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Tipster Wins 30 Percent of $2.2 Million Award After Former Employer Retaliates Against Him for Blowing the Whistle on Prohibited Principal Transactions

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Tipster Wins 30 Percent of $2.2 Million Award

Tipster Wins 30 Percent of $2.2 Million Award

Companies that retaliate against whistleblowers may not only be penalized by the U.S. Securities and Exchange Commission (SEC), they may also distribute part of that penalty to the alleged victim of the retaliation.

The SEC did just that on Tuesday when the agency gave a former employee of Paradigm Capital Management Inc. a 30 percent cut of the penalty that his employer had to pay the federal government for allegedly retaliating against him, the first such action in the nation’s history, according to the Wall Street Journal (WSJ).

The tipster, whom the agency did not name, was awarded “over $600,000.” A person familiar with the case told WSJ the whistleblower is a former head trader at the firm. The hedge-fund advisory firm was charged last year by the SEC with engaging in prohibited principal transactions and then retaliating against the whistleblower, who had reported the activity to the SEC.

Candace King Weir, the owner of Paradigm, was charged with causing the improper principal transactions and agreed to pay $2.2 million to settle the allegations without admitting or denying any wrongdoing. The whistleblower award is 30 percent of that settlement, which is the maximum amount a tipster can receive under the program. The SEC said the man received such a sizable reward due to the “unique hardships” he faced, WSJ reported.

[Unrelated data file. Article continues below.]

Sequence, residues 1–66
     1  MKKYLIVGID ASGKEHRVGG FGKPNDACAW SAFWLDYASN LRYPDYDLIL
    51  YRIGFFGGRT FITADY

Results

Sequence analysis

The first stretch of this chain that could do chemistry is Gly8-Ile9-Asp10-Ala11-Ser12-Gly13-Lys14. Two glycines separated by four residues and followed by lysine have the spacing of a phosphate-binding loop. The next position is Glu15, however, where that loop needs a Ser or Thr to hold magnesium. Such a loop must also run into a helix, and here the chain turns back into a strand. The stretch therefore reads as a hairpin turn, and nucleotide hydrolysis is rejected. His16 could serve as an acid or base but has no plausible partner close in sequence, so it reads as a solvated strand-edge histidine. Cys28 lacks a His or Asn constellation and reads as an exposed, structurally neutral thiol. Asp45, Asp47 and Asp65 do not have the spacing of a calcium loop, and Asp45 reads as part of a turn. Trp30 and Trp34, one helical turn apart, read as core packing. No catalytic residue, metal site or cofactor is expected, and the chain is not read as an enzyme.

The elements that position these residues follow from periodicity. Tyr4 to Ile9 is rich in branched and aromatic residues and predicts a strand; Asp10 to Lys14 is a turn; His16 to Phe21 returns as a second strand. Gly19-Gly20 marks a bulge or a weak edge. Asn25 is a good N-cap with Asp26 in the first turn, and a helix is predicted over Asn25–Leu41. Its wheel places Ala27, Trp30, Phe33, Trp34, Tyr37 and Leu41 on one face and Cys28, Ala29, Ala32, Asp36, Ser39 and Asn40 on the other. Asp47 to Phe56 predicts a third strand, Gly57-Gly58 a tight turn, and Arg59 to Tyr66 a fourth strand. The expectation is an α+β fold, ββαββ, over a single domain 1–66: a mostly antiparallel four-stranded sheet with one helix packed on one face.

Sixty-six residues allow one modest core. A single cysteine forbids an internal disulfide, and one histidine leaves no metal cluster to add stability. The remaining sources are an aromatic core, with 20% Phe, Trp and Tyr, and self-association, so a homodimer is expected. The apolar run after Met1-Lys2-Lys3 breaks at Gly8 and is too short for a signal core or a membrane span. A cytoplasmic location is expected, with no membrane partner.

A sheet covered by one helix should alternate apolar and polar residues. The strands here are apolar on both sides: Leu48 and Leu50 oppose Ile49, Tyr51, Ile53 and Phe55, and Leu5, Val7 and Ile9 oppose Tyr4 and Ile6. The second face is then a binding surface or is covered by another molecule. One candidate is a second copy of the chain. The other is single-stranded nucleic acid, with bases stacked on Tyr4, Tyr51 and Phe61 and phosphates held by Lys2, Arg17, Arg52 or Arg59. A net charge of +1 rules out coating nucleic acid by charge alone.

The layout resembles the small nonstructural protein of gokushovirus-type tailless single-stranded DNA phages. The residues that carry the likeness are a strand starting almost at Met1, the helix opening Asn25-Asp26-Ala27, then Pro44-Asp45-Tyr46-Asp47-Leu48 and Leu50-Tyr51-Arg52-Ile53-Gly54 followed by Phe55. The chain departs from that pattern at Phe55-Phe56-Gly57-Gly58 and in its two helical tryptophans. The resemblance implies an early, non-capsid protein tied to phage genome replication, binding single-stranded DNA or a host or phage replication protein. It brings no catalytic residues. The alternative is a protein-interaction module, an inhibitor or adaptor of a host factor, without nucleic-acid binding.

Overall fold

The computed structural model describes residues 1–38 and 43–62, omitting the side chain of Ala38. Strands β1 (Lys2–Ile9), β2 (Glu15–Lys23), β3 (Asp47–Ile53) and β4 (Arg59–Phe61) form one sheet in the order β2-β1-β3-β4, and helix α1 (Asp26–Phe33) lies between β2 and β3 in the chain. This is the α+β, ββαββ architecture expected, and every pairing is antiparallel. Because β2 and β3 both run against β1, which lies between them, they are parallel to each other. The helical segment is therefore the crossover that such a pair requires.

The tipster submitted a whistleblower tip to the SEC in March 2012 alleging that Paradigm engaged in prohibited principal transactions with affiliated broker-dealer C.L. King & Associates while trading on behalf of hedge-fund client PCM Partners L.P. II. The transactions were carried out in an effort to reduce the tax liability of the hedge fund’s investors, the SEC alleges, according to WSJ.

After the former head trader in July 2012 told Ms. Weir that he had reported the conduct to the SEC, he alleges Paradigm changed his job function, took away his supervisory responsibilities and tasked him with investigating the conduct he had reported to the SEC. The whistleblower eventually resigned. Also in 2012, the tipster brought his own civil suit against Paradigm with similar allegations of retaliation. That suit was later withdrawn, WSJ reported.

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